Since she was ten years old, Amanda Streeton has always known what she wanted to do in life.
"I wanted to find a career that would fit my personality, a lot of interaction with people and be a dynamic profession. I really want to be inspired by my career, in my career and by my patients. This is what led me to pursue a doctoral degree in physical therapy."
And when it came to picking the right school, Samuel Merritt College was at the top of her list.
"The physical therapy community is very small and when I would ask other PT's which school they would recommend, the Doctor of Physical Therapy (DPT) Program at Samuel Merritt College was a name that popped up a lot.
According to a study released last month by the Health Workforce Solutions, the employment demand for advance degree physical therapists in the state is expected to grow by 29 percent over the next several years.
That is no surprise to Sharon Gorman, PT, MS, GCS, Assistant Professor in the Department of Physical Therapy, Samuel Merritt College. With today's population growing, the need for generalist physical therapists is great.
"Baby boomers are living longer and there will be a pile of them coming in the next ten years. We don't have nearly enough PT's to treat older people today," said Gorman. "We are also seeing a lot more people with war injuries that we haven't seen in a while."
Streeton credits the DPT program for preparing her to deal with the different groups coming in with chronic disorders.
"By my second semester as a first-year student at SMC, under faculty supervision (at SMC's outpatient free-clinic), I was working with patients who were suffering from neuromuscular disorders like arthritis, diabetes, heart disease, even preemies with cerebral palsy and brain injuries," said Streeton.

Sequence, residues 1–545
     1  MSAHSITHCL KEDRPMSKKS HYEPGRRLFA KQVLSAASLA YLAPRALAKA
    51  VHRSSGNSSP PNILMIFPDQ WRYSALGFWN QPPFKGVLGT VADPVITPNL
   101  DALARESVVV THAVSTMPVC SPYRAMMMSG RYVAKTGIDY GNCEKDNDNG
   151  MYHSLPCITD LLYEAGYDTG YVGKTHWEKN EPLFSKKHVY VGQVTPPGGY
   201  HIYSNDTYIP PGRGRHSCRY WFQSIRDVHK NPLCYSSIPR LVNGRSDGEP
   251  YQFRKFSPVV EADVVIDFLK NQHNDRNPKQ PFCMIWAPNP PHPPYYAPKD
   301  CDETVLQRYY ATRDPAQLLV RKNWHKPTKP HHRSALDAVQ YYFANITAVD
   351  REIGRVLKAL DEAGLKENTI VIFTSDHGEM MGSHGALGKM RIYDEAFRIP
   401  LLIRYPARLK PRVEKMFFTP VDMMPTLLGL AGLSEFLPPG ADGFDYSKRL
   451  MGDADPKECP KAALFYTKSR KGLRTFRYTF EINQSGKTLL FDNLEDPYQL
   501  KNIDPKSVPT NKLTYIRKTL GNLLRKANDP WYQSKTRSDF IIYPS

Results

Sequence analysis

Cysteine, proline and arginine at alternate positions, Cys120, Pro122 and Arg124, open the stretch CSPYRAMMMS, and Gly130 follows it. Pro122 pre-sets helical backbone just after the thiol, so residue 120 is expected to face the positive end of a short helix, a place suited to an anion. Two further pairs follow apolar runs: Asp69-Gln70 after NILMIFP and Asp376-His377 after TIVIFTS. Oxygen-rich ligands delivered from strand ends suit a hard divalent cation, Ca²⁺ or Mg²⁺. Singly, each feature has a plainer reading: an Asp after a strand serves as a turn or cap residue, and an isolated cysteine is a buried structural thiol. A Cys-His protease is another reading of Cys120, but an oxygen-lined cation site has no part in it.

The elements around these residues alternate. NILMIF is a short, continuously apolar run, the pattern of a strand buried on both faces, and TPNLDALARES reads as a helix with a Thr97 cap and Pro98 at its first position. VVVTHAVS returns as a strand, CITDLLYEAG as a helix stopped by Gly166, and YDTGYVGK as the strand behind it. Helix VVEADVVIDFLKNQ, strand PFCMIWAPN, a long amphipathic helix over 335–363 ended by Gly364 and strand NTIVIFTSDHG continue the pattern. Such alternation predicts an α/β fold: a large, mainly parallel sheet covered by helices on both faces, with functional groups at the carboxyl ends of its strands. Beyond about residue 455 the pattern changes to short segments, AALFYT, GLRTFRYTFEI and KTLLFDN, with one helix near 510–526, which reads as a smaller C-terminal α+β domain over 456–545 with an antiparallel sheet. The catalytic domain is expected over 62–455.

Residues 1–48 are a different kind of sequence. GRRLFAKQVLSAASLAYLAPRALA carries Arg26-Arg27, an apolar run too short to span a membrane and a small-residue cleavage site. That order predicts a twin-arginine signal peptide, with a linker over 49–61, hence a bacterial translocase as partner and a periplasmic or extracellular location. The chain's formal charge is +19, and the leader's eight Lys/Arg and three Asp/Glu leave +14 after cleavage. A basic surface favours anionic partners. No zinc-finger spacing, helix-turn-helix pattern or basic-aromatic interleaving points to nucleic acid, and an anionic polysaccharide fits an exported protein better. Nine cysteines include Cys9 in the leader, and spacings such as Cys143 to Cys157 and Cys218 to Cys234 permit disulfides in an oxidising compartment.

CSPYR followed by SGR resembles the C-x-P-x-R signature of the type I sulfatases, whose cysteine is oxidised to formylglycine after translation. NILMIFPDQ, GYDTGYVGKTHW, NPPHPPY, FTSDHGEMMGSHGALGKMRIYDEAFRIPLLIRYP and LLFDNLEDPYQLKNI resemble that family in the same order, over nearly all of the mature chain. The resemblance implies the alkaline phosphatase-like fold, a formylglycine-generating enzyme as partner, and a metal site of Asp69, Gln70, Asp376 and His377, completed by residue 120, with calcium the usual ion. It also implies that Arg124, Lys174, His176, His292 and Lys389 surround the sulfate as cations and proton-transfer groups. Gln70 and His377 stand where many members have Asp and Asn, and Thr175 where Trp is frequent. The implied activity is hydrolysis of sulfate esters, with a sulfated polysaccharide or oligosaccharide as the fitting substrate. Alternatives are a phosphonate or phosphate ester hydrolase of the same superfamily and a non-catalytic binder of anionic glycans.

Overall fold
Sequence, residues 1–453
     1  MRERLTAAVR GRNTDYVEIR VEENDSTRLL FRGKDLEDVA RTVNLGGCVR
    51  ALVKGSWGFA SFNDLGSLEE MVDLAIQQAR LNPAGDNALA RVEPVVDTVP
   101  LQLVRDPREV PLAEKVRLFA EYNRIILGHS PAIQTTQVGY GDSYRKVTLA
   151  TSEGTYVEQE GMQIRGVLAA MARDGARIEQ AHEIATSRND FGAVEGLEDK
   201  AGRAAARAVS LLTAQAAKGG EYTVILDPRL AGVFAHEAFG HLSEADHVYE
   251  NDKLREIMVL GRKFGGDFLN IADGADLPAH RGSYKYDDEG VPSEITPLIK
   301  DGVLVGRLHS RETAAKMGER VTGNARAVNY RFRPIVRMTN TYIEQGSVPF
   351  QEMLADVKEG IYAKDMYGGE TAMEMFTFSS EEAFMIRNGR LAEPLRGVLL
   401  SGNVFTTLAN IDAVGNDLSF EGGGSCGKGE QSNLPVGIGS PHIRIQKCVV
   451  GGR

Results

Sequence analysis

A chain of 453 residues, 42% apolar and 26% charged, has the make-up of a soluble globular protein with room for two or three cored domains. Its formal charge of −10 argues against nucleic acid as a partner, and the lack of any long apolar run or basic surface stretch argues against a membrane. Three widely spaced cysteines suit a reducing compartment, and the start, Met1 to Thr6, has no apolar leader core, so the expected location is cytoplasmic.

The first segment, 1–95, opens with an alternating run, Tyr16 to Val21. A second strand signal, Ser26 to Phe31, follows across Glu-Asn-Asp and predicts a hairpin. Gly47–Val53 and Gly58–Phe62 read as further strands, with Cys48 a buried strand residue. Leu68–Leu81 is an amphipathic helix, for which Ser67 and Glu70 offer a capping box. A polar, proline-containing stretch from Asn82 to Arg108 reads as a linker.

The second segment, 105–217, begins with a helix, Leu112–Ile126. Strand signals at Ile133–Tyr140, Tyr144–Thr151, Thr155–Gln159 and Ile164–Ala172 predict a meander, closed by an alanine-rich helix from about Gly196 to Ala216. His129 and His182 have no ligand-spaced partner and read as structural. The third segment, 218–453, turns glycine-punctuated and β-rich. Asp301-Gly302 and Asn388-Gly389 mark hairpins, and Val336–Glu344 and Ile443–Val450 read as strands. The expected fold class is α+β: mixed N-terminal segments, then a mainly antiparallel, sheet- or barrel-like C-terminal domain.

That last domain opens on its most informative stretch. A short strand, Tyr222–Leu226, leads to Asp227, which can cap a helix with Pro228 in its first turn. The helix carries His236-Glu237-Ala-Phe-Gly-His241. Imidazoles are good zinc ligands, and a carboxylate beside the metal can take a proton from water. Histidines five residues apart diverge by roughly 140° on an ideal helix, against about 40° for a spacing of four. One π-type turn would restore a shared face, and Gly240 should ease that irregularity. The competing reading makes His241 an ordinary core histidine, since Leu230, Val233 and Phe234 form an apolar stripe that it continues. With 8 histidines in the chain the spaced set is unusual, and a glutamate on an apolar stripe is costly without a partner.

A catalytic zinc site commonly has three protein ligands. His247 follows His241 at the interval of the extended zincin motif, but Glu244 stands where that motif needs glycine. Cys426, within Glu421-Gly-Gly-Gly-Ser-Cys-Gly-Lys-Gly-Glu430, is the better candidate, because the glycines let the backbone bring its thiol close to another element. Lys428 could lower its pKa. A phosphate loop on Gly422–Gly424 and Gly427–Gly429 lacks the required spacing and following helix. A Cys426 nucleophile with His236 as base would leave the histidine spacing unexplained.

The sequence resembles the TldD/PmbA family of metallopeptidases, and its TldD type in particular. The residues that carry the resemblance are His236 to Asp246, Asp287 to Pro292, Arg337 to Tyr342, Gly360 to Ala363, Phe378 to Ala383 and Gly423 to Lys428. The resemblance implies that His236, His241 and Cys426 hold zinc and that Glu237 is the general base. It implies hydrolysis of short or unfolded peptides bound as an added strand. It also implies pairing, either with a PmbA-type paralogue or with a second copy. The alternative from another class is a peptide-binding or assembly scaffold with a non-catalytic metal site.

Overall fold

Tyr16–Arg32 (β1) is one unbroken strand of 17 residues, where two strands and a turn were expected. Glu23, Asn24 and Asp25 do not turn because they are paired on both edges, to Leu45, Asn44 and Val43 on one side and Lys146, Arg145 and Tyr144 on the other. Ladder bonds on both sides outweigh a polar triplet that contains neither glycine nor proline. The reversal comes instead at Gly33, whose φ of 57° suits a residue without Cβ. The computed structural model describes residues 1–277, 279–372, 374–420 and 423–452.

"In order to pursue both the academic and clinical doctorate degrees - to be a practitioner, to do research, to be an educator - you really have to go through that whole clinical and academic track to get all three tickets," said Gorman.
The PT program includes two full-time clinical experiences interspersed between semesters so that classroom learning is reinforced with clinical experience.
"It really brought everything we study in the classroom into focus," said Streeton. "We learn about different settings and patient care techniques. We also develop a closeness with the faculty."
Now the third-year student is polishing her resume as she prepares for her last hurdle of the 34-month course. For the next six-months, before graduating in May 2008, Streeton and the other 31 students in the PT program will be interning full-time at clinics across the country.
"The process of preparing a resume and having the opportunity to practice interviewing helps build confidence and reduces stress. These students are better prepared when they do graduate and look for that first full-time job," said Gorman.
Doctoral physical therapy students have traveled all over the country to work and practice, from Alta Bates Summit Medical Center in Oakland, to Cedars-Sinai Medical Center in Los Angeles, to Beth Israel in Boston.
"Samuel Merritt College faculty strives to make sure we get into a teaching clinic, and we are fortunate because some facilities in the Bay Area only take students from the College. In terms of neurology and rehabilitation, institutions know SMC graduates have the knowledge to handle special needs patients," said Streeton.
The relationship between PT and patients in a culturally diverse environment and the multiple roles of physical therapists in the health care system are areas addressed throughout the curriculum. Students begin the 34 month, full-time program each fall.
For more information on the DPT program, log onto www.samuelmerritt.edu or call 800-607-6377.